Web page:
We left Balfour on January 24, crossed Kootenay lake on the ferry and headed directly south to Coeur d’Alene, Idaho. After a quick-lunch we headed east on the I-90 into the Rocky Mountains at Butte, Montana for the night. It was snowing in the mountains so we stopped and bought a set of chains for the truck and the trailer. Although we didn’t need the chains as we climbed up the great divide to a height of about 7000 feet just having them on board gave me a sense of security with the 4 tons of trailer either dragging behind uphill or pushing us from behind downhill. The second day we had a long drive of over 800 km south on I-15 to Nephi, Utah, again passing through areas of slush and snow then down to the Great Salt Lake Basin.
Day 3 found us finally leaving the signs of winter behind as we passed through St. George Utah and bypassed Las Vegas with its multitude of beckoning neon signs. We arrived around dusk in Laughlin, Nevada, after a long descent from the high Nevada plains into the Colorado River valley. The next day we met up with Maggie’s brother, Grant, and sister-in-law, Anita who had arrived from the Vancouver area with their truck and camper. We spent the day avoiding the various casinos, walking around Laughlin and watching the Colorado River as it slipped silently by. Although the climate there is dry and we were only about 500 feet above sea level, the temperature dipped to near freezing at night.
After a day’s rest, we drove south into Arizona where we camped for 2 nights at a State park called Burro Creek, just off Hwy 93 south of Kingman Az. The weather was dry but cool and the terrain was definitely desert, with all living things ready and willing to either stick you or sting you. Miss T enjoyed chasing the little lizards but also demonstrated a natural instinctual wariness of anything that moved on its own, from rodents to reptiles to insects.
On day 7 we skirted Phoenix and found a quiet empty lot next to the city hall in Mesa, Az where we parked for the night.
Day 8 found us ensconced in a Geezer Park near Florence, Az, where we spent 2 nights and refilled the water, propane and generally readjusted everything from cold climate to warmer climate.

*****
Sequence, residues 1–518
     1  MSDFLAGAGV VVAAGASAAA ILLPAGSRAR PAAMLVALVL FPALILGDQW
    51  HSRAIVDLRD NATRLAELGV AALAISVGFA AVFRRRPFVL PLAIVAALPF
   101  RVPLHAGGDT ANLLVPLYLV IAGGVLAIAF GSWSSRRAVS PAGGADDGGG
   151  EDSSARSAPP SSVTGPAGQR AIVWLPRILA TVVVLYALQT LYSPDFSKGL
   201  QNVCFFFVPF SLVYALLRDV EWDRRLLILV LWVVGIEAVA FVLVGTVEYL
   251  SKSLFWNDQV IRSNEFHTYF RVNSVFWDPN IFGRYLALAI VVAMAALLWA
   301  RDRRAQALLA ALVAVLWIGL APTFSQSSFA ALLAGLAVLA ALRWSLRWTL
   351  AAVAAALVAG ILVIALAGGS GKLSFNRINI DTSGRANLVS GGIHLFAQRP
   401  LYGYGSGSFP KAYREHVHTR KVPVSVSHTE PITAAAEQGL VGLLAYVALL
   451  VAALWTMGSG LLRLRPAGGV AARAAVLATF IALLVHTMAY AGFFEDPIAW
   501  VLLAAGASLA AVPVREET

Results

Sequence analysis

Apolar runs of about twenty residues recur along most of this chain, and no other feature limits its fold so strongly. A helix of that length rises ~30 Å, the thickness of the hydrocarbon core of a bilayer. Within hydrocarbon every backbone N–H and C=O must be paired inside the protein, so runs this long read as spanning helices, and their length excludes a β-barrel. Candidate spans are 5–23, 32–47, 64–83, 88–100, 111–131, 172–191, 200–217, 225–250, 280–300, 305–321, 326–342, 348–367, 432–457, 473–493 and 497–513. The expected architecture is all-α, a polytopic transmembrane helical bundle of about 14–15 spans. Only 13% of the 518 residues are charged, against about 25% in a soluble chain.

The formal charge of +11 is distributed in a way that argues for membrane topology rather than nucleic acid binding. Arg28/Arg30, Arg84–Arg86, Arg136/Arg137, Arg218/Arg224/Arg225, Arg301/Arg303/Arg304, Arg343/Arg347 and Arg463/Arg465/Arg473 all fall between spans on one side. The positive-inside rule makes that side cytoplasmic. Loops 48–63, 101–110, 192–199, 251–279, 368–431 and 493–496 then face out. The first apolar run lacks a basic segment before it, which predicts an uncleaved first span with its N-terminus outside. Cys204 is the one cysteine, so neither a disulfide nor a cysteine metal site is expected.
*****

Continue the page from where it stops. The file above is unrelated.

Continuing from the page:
After watching the activity in this well populated RV park we decided that although the climate was warm and dry and the folks were friendly we would not be participating in the horse shoe competition, the weaving classes or any of the other geezer activities any time in the near future. We would save these things for when we become too young to go into Mexico.
Day 10 took us through Tucson where we toured the Old Tucson movie set. Many dusters have been filmed over the past 50 years with most of the major western movie stars passing through at one time or another.
Since we were getting close to the Mexican border we spent the night dry camping in a small mall near Nogales. Dry camping is a term used by seasoned RV travelers and it refers to parking in a place for the night that has no amenities. In the USA and Canada these sites can be found in many places from abandoned parking lots to quiet streets, Forestry campsites, approved Bureau of Land Management areas (USA national public lands) empty lots, village parks, Walmarts or other areas that appear to be quiet and secure. Although night time security is always a consideration wherever you stop, there isn’t usually any danger in areas where there are other people in close proximity, unless, of course, you are obviously trespassing. There are a few basic rules that need to be followed. Never make it appear that you may be staying longer than one night; setting up outside chairs, opening your awning, leaving anything on the ground outside, etc, can be a trigger for someone to hassle you. Always park in such a manner as to be able to make a quick get-away if a situation arises that requires you to leave in a hurry. If possible, ask permission to park for the night. Never leave a mess behind that could comprimise the ability for others to use the same spot. My standard lines for any authorities who may disturb you during the night include being road weary with a promise to move along after a short rest or admitting having an alcoholic beverage with dinner and not wishing to DUI. Unless there is a specific law being broken or perhaps you have chosen to park on top of a missle silo, most authorities will give you the benefit of the doubt – but you had best be gone near first light. This is all to avoid paying for a parking place in a commercial RV park with prices that range from $25 to $50 and up per night. We find it difficult to fork out that much dough just to park for a quick rest, especially if we intend to continue in the morning. On the flip side though, every two or three days the co-pilot requires a decent RV campground in order to fill the water tank, dump the other stuff, hook up to power, perhaps do some laundry or, God forbid, socialize with other RV people and share travel stories. This all works quite well until you cross into Mexico where there is a whole other set of rules for parking at night.